From 1899 to 1903, a via ferrata led to the Rotstock. The starting point of the secured climb was the temporary Rotstock station ( Luis Trenker 's last film, His Best Friend (1962).). From that time there are steps and an iron ladder that have been carved into the stone. The rest had been removed during the shooting of
Three meters deducted from the west ridge extends a free-standing, twelve-meter high rock tower ( ) up over the western North Face, who as fungus or mushroom is called. The first person on the mushroom is said to have been Richard M. Barrington, brother of the Eiger first climber, in 1876. According to mountain guide Peter Bohren, Barrington had dared to jump onto the mushroom from the west ridge. However, this anecdote is not certain. Today a climbing route ( Magic Mushroom , difficulty: 7c +) leads from the Stollenloch to the Pilz. It is also popular with base jumpers , who jump from here with parachutes into the depths. The Swiss Ueli Gegenschatz and the Austrian Hannes Arch jumped for the first time in 2000 .
The following routes are other common ways to get to the top of the Eiger:
|route||difficulty||Duration ( h )||starting point|
|Mittellegigrat (northeast ridge)||S (difficult), III||4–5 (from the hut)||Mittellegihütte ( )|
|South ridge||ZS (quite difficult), III||5-6||Mönchsjochhütte ( )|
|Southwest ridge||ZS||6-8||Eiger glacier station ()|
|Southeast wall||SS (very difficult)||10-12||Eismeer station ()|
|West ridge||AS (Extremely Difficult), VI||9-11||Eiger glacier station|
|West flank (Normaroute)||ZS, to III, widely II||9-12||Eiger glacier station|
A number of structural measures have taken place on and in the Eiger over the years. The planned development of the summit was not done, but all stations of the Jungfrau Railway are located in the Eiger area, with the exception of the Jungfraujoch terminus . In addition, three mountain huts were built in the Eiger catchment area.
In the course of planning the Jungfrau Railway , the executives of the Bernese Oberland Railway, Emil Strub and Hans Studer, came up with a combination of a cogwheel and cable car from the Kleine Scheidegg over the Eiger Glacier to the summit. A license application for this project was submitted and approved in early 1892 . It was thus in direct competition with the Jungfrau Railway project by the engineer Maurice Koechlin , which had also been approved but was not implemented. When the Zurich industrialist Adolf Guyer-Zeller presented another Jungfrau Railway project, the Eiger Railway project was in jeopardy, as both projects initially envisaged the same route via Kleine Scheidegg and Eiger Glacier. The two planners therefore wanted to sell their concession to the operators of the Wengernalp Railway so that construction could begin quickly. Their shareholders were convinced by Guyer-Zeller of the Jungfrau Railway project and its better return opportunities , so that the Wengernalp Railway did not accept the approval for the Eiger Railway. The two competitors received a so-called standstill payment of 15,000 francs from Guyer-Zeller , and Strub became the first director of the Jungfrau Railway Company. After the opening of the Eigerwand station in 1903, the Jungfrau Railway Company submitted a further license application for a branch line from the planned Eismeer station to the Eiger. A cable car was to be built from the Arctic Ocean over the Eigerjoch to the Eiger summit. However, the Swiss Federal Council only wanted to approve this plan if the Jungfrau Railway would not continue to be built in the direction of the Jungfrau, which the company refused. The citizens of Grindelwald made one last unsuccessful attempt to technically develop the Eiger themselves. They wanted to implement a cable car project from the lower Grindelwald glacier to the Arctic Ocean, but ultimately the project was not implemented.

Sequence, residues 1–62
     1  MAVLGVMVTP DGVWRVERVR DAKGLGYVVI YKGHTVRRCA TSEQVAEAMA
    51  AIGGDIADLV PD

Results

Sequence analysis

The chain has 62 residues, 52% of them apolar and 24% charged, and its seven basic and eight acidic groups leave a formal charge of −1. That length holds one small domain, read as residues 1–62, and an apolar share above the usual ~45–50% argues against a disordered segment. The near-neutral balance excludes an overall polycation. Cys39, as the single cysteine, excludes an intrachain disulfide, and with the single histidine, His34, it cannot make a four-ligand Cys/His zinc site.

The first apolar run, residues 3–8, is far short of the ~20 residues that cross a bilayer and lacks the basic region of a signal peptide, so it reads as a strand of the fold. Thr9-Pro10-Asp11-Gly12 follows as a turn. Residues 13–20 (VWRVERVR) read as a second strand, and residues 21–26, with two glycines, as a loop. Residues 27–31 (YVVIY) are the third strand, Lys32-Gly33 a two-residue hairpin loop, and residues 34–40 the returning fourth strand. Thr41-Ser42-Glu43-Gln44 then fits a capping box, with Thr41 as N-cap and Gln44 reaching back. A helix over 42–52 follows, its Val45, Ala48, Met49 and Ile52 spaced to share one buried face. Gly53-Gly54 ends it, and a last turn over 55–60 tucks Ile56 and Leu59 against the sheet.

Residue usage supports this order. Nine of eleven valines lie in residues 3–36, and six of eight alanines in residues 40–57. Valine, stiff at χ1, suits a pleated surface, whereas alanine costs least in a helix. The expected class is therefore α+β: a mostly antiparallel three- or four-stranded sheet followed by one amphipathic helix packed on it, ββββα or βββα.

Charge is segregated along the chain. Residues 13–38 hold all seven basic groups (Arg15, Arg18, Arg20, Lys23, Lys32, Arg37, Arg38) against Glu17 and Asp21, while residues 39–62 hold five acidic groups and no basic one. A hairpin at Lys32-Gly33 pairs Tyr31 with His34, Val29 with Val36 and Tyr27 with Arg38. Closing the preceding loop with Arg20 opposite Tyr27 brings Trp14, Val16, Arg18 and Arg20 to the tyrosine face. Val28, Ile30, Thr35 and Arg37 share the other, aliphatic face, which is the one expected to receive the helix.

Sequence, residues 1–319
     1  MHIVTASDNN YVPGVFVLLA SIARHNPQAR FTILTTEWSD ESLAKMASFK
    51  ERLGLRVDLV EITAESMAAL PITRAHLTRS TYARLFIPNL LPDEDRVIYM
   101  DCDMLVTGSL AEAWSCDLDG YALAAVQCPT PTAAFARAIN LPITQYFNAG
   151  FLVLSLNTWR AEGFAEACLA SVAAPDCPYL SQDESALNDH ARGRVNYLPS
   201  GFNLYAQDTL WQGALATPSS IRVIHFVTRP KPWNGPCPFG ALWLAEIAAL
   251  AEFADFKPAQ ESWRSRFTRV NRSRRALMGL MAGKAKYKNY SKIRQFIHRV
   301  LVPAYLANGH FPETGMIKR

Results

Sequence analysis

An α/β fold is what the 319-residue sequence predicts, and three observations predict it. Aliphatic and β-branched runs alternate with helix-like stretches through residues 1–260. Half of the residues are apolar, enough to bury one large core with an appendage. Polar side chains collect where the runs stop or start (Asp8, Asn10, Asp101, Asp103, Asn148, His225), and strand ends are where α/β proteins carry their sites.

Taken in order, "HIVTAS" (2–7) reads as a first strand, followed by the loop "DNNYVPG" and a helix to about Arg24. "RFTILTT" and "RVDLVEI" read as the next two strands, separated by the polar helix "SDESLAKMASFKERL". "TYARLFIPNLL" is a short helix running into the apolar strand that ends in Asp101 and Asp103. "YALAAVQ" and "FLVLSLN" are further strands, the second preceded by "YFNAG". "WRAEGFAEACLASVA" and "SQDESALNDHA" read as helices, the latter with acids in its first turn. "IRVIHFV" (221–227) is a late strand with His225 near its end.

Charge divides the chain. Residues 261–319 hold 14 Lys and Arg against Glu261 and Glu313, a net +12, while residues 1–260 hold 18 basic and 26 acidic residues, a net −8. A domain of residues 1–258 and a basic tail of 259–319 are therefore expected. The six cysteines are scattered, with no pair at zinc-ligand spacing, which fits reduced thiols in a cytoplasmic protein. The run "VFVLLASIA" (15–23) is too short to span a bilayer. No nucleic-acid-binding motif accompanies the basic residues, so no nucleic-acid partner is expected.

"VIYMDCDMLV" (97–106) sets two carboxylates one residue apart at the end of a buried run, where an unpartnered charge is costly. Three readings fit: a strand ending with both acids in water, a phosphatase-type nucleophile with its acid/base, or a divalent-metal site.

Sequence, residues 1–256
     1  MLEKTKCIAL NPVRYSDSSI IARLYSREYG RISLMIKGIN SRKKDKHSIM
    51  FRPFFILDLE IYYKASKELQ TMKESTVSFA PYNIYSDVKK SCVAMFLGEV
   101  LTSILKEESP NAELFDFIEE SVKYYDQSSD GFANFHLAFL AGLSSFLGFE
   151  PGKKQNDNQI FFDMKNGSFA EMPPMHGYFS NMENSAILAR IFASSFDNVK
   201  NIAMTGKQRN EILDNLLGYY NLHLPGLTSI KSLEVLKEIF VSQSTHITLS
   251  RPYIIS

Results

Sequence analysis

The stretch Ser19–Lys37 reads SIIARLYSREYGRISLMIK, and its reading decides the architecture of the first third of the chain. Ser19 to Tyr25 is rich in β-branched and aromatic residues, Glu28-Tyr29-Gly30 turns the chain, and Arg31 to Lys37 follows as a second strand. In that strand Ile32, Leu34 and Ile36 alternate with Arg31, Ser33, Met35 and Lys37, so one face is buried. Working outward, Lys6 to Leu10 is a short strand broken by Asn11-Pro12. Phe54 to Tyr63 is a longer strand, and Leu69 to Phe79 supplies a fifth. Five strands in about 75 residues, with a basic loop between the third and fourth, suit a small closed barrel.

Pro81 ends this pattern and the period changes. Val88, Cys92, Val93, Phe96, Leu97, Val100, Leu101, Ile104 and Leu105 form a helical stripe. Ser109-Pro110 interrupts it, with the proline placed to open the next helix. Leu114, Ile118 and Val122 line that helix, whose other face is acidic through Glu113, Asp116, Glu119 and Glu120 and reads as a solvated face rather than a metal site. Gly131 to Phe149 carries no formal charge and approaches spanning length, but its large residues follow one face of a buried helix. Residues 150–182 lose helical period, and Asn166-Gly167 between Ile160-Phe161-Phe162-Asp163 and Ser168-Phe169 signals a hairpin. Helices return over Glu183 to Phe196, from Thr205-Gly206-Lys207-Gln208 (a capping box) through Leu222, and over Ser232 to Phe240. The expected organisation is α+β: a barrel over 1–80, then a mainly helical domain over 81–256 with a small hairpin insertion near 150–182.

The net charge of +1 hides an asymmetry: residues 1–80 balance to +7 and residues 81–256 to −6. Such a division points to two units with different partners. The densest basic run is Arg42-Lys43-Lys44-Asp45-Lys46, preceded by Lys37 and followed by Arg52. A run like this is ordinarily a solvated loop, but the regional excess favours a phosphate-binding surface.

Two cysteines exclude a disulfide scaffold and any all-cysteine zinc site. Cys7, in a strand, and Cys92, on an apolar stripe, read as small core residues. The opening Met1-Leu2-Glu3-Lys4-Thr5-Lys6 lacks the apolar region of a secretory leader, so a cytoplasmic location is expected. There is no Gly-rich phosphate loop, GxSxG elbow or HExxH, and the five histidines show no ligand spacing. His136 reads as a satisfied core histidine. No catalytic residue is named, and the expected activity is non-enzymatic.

→ Main article: Jungfrau Railway
The first almost six kilometers of the Jungfrau Railway and the first four stations are in the Eiger area. The route begins at the Kleine Scheidegg ( the Eigergletscher train station ( , km 2). This is followed by the four-kilometer-long Eiger Tunnel, half of which circled the mountain underground. In it are the Eigerwand ( , km 4.3) and Eismeer ( km 5.7). Between Kleiner Scheidegg and the Eigerwand station was the temporary Rotstock station ( ), which, however, became less important after the opening of the following stations and was no longer used regularly. The terminus is the Jungfraujoch ( km 9.3). The route leads past seven artificial openings in the Eigerfels. The first is the tunnel entrance on the Eiger Glacier, followed by one at the Rotstock station, an explosion hole in the north face (explosion accident involving 30 tons of explosives) and the tunnel hole, also in the north face, which has become famous in mountaineering history. This is still important for alpinism today - it serves as an entry into the wall as well as an emergency exit and is also used for rescue operations. Two viewing options have been created for the Eigerwand station: one just before and one at the station itself. The highest opening is at the Eismeer station.) and leads from there to